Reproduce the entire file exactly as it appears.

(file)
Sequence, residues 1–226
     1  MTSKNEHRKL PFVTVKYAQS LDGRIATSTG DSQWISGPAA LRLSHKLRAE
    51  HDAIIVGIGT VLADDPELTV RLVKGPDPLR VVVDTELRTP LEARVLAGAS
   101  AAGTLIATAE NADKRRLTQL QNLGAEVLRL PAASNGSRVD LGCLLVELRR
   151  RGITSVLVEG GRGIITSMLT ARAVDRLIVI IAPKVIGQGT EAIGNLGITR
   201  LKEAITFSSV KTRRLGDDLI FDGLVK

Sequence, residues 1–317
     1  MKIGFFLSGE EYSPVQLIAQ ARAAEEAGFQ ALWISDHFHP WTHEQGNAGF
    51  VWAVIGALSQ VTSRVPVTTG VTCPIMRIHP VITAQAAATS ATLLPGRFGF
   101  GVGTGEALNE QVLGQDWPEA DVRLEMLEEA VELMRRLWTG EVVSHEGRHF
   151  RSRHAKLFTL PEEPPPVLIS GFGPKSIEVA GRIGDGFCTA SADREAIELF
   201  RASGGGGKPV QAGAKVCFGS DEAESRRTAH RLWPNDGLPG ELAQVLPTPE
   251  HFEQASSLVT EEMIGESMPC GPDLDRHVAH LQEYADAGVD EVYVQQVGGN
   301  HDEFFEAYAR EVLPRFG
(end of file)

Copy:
Sequence, residues 1–226
     1  MTSKNEHRKL PFVTVKYAQS LDGRIATSTG DSQWISGPAA LRLSHKLRAE
    51  HDAIIVGIGT VLADDPELTV RLVKGPDPLR VVVDTELRTP LEARVLAGAS
   101  AAGTLIATAE NADKRRLTQL QNLGAEVLRL PAASNGSRVD LGCLLVELRR
   151  RGITSVLVEG GRGIITSMLT ARAVDRLIVI IAPKVIGQGT EAIGNLGITR
   201  LKEAITFSSV KTRRLGDDLI FDGLVK

Sequence, residues 1–317
     1  MKIGFFLSGE EYSPVQLIAQ ARAAEEAGFQ ALWISDHFHP WTHEQGNAGF
    51  VWAVIGALSQ VTSRVPVTTG VTCPIMRIHP VITAQAAATS ATLLPGRFGF
   101  GVGTGEALNE QVLGQDWPEA DVRLEMLEEA VELMRRLWTG EVVSHEGRHF
   151  RSRHAKLFTL PEEPPPVLIS GFGPKSIEVA GRIGDGFCTA SADREAIELF
   201  RASGGGGKPV QAGAKVCFGS DEAESRRTAH RLWPNDGLPG ELAQVLPTPE
   251  HFEQASSLVT EEMIGESMPC GPDLDRHVAH LQEYADAGVD EVYVQQVGGN
   301  HDEFFEAYAR EVLPRFG